Even unreasonably well-paying jobs and tremendously important and meaningful careers may have a huge downside. If it places great stress on you either because of it's nature or because you absolutely hate doing it, you are actually converting your health into money - at a net loss. The same is true for jobs that have unavoidable health consequences or irreducible risks. If you are investing your future well-being into maintaining a paycheck-to-paycheck "lifestyle," you are freakin' hosed.

That is the mass delusion we have bought into - that it's better to go into debt to have new shiny crap than something that does what you need with total reliability, and that it is sensible to buy into a community on the condition that you continue to pay into it month by month with either money or labor.

A real community gives an unconditional crap about you; will take care of you if you are ill and raise your children if you die. A real community will not need to refer to a contract to do the right thing in either case because at the most basic, a community is an extended family, composed of individuals who depend upon one another and who know precisely to what degree, in what ways and with what resources each other individual may be presumed upon at need.

These ARE "Traditional Family Values." It has nothing to do with gay marriage, patriarchal structures, religious choice or morality. It's all about shared trust and mutual self-interest; whatever works to that end is Good, and whatever gets in the way of that is Bad.

Right now, there's an awful lot of Bad getting in the way of applying those values to practical outcomes.

It would be tragic enough if our fixation upon shiny trinkets and false profits (pun intended) were merely a common delusion of individuals - but in fact it's infested our government and our entire leadership class. Indeed, I rather imagine that there are quite a few people living "the good life" in "hunt country" with all the trappings of old money that are in fact leveraged to the eyeballs, to the point where any questions raised about ethical choices merely provokes bitter laughter.

Far too many of us have found that we are in situations where, seemingly, we have lost the option of even WISHING to be ethical people living blameless and productive lives. Even our religions have become mechanisms for shifting blame; if they had to rely on the good will of honest people, they would certainly be unable to support their institutional selves at the level of luxury and influence to which they have become accustomed.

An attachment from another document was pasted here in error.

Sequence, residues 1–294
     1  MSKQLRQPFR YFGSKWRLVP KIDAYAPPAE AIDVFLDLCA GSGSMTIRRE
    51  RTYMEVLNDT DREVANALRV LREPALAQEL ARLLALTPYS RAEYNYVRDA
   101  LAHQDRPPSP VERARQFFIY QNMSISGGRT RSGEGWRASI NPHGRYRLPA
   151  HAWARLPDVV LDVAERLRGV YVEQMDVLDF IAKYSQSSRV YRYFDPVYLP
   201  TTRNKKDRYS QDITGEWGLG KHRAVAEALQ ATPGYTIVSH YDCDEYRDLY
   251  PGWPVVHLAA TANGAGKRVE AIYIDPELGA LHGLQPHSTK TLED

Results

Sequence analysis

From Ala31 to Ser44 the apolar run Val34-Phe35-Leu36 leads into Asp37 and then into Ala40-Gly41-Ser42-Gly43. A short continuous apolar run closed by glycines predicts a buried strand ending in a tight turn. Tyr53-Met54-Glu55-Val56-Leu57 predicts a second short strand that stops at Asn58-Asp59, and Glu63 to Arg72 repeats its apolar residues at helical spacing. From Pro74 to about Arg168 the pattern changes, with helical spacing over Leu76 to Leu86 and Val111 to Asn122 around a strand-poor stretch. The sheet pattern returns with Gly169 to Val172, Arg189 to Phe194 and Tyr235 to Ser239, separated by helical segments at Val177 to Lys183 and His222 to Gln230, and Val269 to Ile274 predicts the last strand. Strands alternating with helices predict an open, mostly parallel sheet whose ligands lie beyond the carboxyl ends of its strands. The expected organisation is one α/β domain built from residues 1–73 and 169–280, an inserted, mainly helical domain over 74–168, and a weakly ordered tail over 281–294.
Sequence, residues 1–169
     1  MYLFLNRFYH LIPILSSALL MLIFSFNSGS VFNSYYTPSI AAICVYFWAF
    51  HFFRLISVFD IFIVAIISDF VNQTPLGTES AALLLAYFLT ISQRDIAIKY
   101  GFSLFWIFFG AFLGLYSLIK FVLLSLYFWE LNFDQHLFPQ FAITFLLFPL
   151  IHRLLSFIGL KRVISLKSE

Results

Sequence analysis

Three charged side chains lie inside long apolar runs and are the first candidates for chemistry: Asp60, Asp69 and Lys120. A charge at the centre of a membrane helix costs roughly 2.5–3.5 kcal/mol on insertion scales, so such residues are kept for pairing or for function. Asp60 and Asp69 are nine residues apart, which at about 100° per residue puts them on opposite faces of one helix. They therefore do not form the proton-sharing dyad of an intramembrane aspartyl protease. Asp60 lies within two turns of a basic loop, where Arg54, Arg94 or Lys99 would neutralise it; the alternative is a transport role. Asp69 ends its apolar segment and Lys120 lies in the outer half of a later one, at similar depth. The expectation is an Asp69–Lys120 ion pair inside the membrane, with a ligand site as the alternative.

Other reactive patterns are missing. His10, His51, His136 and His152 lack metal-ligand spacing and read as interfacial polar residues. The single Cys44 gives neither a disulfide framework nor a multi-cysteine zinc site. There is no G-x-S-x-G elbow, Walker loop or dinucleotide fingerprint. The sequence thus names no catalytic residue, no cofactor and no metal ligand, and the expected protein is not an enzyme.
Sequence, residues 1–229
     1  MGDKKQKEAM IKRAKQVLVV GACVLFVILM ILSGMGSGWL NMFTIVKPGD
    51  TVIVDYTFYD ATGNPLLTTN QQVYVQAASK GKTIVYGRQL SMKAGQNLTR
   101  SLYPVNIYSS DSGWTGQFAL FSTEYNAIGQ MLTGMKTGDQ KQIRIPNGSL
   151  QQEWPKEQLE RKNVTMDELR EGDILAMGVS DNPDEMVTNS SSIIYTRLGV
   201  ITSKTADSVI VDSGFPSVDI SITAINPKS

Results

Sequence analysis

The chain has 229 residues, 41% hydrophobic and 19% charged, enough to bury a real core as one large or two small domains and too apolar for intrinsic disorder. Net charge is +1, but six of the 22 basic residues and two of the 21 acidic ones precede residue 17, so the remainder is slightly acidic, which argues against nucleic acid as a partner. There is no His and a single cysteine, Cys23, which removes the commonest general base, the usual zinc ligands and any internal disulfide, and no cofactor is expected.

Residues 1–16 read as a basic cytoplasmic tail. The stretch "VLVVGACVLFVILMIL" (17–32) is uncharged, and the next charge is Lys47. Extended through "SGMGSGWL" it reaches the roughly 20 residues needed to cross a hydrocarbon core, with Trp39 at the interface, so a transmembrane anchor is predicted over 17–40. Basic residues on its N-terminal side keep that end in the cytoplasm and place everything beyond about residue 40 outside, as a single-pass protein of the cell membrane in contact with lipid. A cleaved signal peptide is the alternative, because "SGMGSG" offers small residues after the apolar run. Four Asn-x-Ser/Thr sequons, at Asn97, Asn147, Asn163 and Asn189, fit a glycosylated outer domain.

But it's never too late to make a choice. The answer to all councils of despair and accommodation is this; YOU may not be able to "make a difference" if that effort depends on other people changing their lives and making choices you think they should make. If you wish to bring about a positive change in your life and the lives around you, change your life. Don't try to force others to change for your benefit - it's rude and it never works.

Enticements succeed where even naked force will fail, which is why capitalism and the free market is such a powerful idea - one that persists in spite of all attempts to co-opt it's power for the benefit of plutocrats and Party Members.

This is where I return to the example of five families building five homes, or five businesses, or five cars - or any such obviously mutually beneficial thing. Am I advocating socialism or some sort of Commune? Hell, no! It's pure Capitalism with direct conversion of sweat into equity.

Realize that it's always most profitable to get a direct benefit from your own effort. The use of money to pay for labor always translates into doing more work than you would have had to do. Ideally, you wish to trade labor for labor, not labor for money. But in order to do that effectively, there must be a large enough talent pool. Money is only a means to that end, as is credit. This is the point that both doctrinaire Capitalists and Communists miss to the point that they make practical forms of economic co-operation with either emphasis impossible in practice.